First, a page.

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Brunswick Business Journal Staff Report
November 25, 2018 - The Department of Defense completed a full-scope, department-wide, financial statement audit this month. The first Defense Department-wide audit covered $2.7 trillion in assets and $2.6 trillion in liabilities for fiscal year 2018, making it most likely the largest known audit of an organization in history. U.S. Senator David Perdue was among those calling for the audit to bring more transparency to the Pentagon.     
“Until now, the Department of Defense – the largest single discretionary line item in the federal government’s budget – has never been audited,” said U.S. Senator David Perdue, member of the Senate Armed Services Committee. “When I came to the United States Senate, I heard dozens of excuses for this, the most common being the DOD is too large and complex to complete an audit. The truth is bureaucrats were dragging their feet. I commend Secretary Mattis for completing this audit. While this is a step in the right direction, it only underscores the need for greater transparency and accountability at DOD. In order to modernize our capabilities, improve readiness, and rebuild our military after years of disinvestment, we need to have a clear understanding of how the Pentagon uses its resources. With a $21 trillion national debt and global security crisis, we cannot afford to misuse a single dollar in supporting our service members.”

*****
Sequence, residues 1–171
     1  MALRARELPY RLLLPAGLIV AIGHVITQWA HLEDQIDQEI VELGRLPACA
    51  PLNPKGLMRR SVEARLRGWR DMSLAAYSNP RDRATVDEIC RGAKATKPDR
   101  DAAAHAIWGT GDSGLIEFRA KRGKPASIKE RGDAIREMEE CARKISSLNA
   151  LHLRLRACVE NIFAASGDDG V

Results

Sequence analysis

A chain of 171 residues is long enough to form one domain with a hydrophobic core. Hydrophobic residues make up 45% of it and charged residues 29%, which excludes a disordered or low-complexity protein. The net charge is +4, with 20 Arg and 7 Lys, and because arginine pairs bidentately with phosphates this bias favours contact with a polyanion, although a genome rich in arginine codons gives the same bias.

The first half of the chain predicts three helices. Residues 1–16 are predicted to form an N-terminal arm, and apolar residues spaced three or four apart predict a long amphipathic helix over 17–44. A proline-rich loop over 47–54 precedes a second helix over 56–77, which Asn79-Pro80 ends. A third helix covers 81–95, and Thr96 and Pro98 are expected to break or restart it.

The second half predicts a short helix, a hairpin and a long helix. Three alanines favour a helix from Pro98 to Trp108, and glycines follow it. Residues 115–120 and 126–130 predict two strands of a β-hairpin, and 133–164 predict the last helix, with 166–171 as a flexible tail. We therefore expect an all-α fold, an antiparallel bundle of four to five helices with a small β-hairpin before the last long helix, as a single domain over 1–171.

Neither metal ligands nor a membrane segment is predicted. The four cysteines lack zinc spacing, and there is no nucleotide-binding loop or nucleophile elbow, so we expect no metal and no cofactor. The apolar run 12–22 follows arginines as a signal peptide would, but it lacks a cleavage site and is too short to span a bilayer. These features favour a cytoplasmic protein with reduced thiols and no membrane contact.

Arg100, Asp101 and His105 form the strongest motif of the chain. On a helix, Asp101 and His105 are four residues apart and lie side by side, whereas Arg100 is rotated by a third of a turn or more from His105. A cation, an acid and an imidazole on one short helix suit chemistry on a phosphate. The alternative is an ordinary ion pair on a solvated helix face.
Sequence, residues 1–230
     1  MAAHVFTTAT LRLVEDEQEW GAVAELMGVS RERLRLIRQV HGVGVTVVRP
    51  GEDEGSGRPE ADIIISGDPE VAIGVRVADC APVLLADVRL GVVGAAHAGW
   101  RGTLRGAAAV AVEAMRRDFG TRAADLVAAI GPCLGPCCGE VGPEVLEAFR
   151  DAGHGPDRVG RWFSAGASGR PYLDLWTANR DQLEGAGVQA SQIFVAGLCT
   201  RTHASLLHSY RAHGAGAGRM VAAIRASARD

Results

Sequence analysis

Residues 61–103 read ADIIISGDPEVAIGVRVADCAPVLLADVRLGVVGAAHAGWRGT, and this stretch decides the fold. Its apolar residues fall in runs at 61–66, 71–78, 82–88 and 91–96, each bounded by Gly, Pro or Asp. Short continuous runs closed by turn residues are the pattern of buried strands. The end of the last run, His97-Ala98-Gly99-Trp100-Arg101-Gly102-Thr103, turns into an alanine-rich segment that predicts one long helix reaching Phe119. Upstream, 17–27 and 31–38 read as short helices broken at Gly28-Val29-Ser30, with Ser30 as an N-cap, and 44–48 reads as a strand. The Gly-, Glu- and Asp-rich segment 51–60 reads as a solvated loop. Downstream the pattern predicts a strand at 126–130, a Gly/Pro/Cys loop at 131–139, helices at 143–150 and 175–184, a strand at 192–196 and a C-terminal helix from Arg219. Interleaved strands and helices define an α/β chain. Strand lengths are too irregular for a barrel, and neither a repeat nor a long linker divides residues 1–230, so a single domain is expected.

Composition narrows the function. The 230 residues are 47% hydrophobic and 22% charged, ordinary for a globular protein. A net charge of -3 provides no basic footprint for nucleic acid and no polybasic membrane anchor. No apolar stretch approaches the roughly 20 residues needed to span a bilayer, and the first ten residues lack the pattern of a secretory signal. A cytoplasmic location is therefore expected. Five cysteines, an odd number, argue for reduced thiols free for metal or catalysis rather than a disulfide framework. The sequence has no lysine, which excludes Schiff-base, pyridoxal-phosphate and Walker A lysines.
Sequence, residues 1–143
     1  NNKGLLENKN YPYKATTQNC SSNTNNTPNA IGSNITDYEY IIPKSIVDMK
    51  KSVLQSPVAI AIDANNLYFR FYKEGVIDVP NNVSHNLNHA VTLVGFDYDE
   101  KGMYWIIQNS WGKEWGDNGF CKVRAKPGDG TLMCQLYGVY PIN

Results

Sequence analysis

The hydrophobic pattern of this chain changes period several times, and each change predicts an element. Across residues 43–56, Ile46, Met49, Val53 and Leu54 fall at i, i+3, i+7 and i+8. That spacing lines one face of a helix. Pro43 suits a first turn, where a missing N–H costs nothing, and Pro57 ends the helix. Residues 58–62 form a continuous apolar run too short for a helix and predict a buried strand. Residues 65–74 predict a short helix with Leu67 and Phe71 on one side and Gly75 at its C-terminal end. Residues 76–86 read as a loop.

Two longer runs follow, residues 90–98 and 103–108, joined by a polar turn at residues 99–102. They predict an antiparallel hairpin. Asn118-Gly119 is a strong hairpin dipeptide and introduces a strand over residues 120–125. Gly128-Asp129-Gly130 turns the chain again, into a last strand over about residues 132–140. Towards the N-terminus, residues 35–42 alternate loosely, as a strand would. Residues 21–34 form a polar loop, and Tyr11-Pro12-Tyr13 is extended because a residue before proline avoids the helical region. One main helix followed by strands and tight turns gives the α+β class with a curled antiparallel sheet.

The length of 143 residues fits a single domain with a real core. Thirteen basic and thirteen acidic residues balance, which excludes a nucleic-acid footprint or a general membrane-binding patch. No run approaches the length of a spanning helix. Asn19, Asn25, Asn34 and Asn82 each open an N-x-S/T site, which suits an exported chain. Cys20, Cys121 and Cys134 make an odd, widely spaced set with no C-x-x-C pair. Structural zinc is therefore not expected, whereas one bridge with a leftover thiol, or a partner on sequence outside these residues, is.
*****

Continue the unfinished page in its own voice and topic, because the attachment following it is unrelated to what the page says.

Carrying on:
More than 1,200 auditors conducted over 900 site visits at over 600 locations across the DOD and examined hundreds of thousands of items. Auditors evaluated data for accuracy and completeness to verify counts, location and condition of military equipment, real property and inventory.  Auditors also tested for security vulnerabilities in DOD business systems and validated the accuracy of personnel records and actions, such as promotions and separations. 
“The release of the first-ever Department of Defense audit is a historic accomplishment and indicates our commitment to accountability and reform. We conducted the audit to facilitate transparency with Congress and the American taxpayer and to determine corrective actions to instill long-term discipline,” Patrick M. Shanahan, deputy secretary of defense, said.
Multiple DOD organizations received the highest rating of unmodified or “clean” audit opinions, including the U.S. Army Corps of Engineers – Civil Works; the Military Retirement Fund; Defense Health Agency – Contract Resource Management; Defense Contract Audit Agency; and the Defense Finance and Accounting Services Working Capital Fund.  The Medicare-Eligible Retiree Health Care Fund and the Defense Commissary Agency received modified opinions, which means they do not comply with generally accepted accounting principles but financial statements are fairly presented.
With a department-wide audit, some organizations are new to the audit process. These organizations received a disclaimer, meaning multiple issues need to be fixed.  The auditors provided favorable feedback that Army, Navy and Air Force properly accounted for major military equipment and military and civilian pay. Auditors found no evidence of fraud. They identified issues the department needs to address, including inventory, real property and information technology security. 
The department started the audit in December 2017 in order to find problems and fix them.  DOD is committed to fixing these issues and continuing to improve the ability to defend the nation while being good stewards of the taxpayers’ money.
The DOD-wide audit report and links to component audit reports will be available at

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